MYLAN RECEIVES TENTATIVE APPROVAL FOR FIRST GENERIC CARDIZEM (DILTIAZEM)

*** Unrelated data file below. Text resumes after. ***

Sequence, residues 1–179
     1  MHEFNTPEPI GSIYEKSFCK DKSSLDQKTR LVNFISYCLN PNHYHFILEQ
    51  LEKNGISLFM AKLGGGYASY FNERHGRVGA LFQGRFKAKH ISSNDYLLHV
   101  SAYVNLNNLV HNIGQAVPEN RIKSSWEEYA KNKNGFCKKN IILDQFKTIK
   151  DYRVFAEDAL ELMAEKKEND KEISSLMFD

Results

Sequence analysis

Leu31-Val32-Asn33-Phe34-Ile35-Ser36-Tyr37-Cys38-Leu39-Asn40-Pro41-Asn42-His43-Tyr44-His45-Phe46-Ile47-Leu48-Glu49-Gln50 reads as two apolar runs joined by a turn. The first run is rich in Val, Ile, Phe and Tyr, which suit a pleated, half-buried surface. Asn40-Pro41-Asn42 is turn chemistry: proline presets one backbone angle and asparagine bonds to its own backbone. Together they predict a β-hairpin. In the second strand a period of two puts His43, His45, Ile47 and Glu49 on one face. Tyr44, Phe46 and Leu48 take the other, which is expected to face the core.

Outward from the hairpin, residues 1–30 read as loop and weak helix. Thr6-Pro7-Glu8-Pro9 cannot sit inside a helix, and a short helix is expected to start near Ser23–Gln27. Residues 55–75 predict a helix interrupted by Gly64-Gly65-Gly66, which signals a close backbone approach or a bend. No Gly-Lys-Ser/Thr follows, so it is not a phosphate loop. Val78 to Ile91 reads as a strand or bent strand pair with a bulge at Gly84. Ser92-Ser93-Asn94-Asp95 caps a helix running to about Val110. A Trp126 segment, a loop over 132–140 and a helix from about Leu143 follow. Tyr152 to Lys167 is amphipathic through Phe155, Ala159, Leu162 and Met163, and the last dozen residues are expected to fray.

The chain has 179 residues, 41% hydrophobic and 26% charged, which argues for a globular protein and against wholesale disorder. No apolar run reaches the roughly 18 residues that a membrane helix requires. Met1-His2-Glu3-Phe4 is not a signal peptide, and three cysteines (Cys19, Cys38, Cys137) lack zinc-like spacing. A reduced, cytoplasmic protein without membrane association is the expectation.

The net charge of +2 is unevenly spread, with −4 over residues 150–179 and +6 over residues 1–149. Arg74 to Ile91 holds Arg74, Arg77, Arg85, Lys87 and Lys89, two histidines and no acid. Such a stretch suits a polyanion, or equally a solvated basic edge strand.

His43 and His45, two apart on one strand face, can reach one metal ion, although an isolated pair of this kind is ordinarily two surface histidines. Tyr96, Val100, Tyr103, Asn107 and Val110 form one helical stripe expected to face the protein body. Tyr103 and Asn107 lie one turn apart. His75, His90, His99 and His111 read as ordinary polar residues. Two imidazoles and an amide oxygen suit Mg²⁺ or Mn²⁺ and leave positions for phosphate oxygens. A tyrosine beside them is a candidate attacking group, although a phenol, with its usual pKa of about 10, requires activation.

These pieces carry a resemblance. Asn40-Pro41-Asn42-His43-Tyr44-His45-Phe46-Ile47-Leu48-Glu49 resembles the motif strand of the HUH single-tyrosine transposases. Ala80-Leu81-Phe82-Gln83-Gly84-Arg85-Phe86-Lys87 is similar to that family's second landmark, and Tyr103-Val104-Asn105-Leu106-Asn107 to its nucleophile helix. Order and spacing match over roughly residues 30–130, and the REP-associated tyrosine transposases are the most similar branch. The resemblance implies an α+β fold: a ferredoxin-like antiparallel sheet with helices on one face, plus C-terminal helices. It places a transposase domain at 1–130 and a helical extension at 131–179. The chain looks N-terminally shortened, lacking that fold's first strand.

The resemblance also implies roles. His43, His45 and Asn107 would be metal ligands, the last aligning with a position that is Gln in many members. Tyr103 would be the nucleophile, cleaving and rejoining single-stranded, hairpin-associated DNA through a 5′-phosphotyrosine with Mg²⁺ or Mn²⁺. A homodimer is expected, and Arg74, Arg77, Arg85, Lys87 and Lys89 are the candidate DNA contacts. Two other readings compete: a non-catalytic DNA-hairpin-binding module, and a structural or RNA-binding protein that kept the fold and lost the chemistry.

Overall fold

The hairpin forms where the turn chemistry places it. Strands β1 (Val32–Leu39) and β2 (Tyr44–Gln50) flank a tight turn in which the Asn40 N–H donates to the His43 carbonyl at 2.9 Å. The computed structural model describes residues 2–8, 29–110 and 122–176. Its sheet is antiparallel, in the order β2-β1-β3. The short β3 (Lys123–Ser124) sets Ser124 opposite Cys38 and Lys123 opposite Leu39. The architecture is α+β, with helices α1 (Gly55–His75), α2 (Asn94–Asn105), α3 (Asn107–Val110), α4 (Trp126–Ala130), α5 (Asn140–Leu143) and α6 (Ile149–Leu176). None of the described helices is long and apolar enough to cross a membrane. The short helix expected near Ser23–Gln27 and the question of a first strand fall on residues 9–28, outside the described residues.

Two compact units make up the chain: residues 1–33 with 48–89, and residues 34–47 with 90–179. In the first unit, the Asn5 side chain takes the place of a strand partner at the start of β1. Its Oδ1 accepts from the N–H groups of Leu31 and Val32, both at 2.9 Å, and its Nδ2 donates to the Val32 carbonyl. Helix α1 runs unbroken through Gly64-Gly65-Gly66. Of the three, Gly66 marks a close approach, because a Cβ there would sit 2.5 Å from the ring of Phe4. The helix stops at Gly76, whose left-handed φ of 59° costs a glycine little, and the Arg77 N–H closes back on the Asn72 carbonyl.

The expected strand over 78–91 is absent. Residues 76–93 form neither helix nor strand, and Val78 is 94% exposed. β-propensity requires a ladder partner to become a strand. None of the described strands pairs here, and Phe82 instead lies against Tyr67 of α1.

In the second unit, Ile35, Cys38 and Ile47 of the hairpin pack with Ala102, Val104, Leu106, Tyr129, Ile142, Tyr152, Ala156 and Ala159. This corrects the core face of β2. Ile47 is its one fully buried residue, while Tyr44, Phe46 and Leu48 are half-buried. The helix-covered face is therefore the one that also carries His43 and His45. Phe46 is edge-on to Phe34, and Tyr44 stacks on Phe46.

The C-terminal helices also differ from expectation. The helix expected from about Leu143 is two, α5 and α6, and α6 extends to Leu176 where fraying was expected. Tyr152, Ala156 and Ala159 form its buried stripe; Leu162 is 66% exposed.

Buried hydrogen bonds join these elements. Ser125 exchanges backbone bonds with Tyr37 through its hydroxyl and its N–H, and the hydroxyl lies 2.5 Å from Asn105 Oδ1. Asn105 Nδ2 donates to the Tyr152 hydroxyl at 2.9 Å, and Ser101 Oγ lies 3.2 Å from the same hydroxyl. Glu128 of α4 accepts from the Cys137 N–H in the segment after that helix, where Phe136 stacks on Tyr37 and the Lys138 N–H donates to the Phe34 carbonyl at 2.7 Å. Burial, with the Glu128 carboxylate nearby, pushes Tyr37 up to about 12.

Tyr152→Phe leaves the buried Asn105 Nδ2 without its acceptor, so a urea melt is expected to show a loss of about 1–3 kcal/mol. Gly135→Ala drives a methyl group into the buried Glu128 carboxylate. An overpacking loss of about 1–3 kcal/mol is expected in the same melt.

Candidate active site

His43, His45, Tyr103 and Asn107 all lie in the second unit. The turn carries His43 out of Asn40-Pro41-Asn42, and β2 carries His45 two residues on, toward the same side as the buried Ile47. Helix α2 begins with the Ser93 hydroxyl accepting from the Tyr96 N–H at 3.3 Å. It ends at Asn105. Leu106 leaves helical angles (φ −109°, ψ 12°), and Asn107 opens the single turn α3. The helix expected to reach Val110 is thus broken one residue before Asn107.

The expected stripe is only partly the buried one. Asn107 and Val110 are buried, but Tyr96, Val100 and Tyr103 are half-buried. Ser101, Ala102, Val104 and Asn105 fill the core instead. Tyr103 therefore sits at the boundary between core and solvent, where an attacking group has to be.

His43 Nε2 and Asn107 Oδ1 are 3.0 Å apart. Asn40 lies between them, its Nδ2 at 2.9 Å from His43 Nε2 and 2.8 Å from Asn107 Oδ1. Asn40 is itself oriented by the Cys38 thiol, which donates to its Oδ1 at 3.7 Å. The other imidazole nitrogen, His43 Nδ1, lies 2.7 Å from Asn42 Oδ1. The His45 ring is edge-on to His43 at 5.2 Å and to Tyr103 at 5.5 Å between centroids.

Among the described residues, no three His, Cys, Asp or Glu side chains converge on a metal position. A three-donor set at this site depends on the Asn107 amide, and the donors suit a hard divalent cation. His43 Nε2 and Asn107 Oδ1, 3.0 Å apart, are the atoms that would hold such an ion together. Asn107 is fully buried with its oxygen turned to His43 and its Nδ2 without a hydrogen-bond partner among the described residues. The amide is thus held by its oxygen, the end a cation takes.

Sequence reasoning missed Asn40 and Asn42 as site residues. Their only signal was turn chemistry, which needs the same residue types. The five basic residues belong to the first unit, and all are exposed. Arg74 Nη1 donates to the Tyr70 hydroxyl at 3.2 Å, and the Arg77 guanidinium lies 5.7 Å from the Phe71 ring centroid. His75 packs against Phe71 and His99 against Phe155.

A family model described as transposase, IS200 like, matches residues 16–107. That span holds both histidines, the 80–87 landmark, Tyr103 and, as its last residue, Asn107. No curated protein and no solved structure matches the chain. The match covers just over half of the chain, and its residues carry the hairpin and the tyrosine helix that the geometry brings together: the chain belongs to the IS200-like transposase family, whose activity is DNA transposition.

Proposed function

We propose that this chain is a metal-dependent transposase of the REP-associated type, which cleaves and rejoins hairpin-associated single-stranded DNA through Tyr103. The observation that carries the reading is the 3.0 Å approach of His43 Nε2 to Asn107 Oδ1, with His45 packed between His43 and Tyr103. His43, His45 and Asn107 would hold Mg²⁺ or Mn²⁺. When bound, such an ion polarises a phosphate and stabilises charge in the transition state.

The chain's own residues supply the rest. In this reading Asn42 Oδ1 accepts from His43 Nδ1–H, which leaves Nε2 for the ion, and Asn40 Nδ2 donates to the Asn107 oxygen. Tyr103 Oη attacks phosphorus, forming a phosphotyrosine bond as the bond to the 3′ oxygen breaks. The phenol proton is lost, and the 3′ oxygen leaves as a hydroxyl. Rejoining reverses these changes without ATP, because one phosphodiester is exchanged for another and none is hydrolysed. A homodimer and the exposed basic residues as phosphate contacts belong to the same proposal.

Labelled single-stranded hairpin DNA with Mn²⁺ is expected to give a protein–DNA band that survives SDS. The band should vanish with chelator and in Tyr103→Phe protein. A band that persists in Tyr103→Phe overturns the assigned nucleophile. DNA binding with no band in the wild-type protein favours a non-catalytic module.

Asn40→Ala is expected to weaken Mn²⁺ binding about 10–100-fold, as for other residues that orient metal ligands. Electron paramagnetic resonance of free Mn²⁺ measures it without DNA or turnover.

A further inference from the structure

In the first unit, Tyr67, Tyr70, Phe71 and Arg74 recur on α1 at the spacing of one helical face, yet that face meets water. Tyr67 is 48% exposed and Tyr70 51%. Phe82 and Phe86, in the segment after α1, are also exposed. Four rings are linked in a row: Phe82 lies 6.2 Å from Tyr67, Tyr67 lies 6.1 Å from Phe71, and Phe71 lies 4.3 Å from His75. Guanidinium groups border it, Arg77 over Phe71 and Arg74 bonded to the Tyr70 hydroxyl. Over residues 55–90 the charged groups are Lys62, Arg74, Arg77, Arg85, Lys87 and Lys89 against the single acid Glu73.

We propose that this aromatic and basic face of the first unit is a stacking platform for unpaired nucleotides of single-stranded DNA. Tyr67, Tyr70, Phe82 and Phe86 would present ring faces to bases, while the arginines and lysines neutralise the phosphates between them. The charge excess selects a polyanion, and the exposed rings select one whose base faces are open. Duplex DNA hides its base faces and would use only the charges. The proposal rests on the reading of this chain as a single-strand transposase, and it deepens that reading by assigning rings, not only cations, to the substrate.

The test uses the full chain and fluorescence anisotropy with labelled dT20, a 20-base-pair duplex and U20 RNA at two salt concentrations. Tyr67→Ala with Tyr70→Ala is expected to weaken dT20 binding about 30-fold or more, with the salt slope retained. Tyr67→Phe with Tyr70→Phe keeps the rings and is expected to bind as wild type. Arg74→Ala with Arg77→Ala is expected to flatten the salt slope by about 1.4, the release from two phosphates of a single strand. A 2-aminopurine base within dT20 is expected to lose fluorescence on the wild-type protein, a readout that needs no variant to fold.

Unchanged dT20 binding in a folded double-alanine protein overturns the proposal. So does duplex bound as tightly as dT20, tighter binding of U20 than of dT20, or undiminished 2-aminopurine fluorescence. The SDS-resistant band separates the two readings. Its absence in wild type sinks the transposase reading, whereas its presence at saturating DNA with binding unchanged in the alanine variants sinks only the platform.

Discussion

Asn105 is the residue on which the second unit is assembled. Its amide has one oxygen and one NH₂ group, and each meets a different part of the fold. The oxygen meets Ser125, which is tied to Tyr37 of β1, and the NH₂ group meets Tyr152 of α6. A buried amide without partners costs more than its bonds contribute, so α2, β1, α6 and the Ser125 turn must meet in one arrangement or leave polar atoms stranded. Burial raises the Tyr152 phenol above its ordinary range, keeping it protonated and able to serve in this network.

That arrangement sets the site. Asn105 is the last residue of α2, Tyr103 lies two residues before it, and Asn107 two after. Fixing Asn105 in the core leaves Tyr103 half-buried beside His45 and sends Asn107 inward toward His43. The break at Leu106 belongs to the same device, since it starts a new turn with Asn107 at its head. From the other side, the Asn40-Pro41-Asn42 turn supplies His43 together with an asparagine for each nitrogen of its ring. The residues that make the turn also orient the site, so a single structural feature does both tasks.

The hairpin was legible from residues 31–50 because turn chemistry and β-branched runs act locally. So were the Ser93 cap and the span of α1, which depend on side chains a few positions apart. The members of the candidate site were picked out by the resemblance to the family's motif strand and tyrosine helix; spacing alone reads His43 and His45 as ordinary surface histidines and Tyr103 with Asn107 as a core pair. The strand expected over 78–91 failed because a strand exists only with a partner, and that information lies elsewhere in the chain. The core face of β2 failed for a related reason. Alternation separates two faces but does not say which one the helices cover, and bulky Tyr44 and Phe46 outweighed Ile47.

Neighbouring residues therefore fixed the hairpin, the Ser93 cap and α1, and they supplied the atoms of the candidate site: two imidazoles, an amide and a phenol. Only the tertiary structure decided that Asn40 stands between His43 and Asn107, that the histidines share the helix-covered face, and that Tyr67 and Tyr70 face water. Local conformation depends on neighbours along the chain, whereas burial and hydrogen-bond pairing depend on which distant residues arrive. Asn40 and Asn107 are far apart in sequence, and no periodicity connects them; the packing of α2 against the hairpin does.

MYLAN RECEIVES TENTATIVE APPROVAL FOR FIRST GENERIC CARDIZEM (DILTIAZEM) on March 16. The generic firm gained approvable status for all four dosage forms (30, 60, 90 and 120 mg) of the Marion Merrell Dow calcium channel blocker. The approval is designated as tentative because Mylan may not begin shipping the product until Cardizem's marketing exclusivity expires on Nov. 5. Marion Merrell Dow has been busy with efforts to minimize the impact of patent expiration on the blockbuster product. Sales for the Cardizem family of products were $912 mil. in 1991. MMD received approvals late in 1991 for two Cardizem line extensions, that it hopes will help stave off generic competition -- Cardizem CD, a once-daily formulation, and Cardizem IV, for use in hospitals. Exclusivity for Cardizem CD would run out in December 1994. Since the approval of Cardizem CD, MMD has engaged in a campaign to encourage physicians to switch their patients from the older Cardizem SR to the once-daily regimen. Most patients receiving Cardizem already use the sustained-release form. MMD has placed ads in consumer magazines to inform current Cardizem SR users of the availability of Cardizem CD, noting that it may be more economical and easier to take. Another effort to stymy generic competition is being made by Rhone-Poulenc Rorer, which is aiming to carve out a niche between Cardizem CD and immediate-release generics by establishing a sustained-release diltiazem brand called Dilacor at a discount to Cardizem CD ("The Pink Sheet" Feb. 17, p. 4). RPR filed a full NDA for Dilacor in April 1990 and is hoping for approval by the end of 1992.
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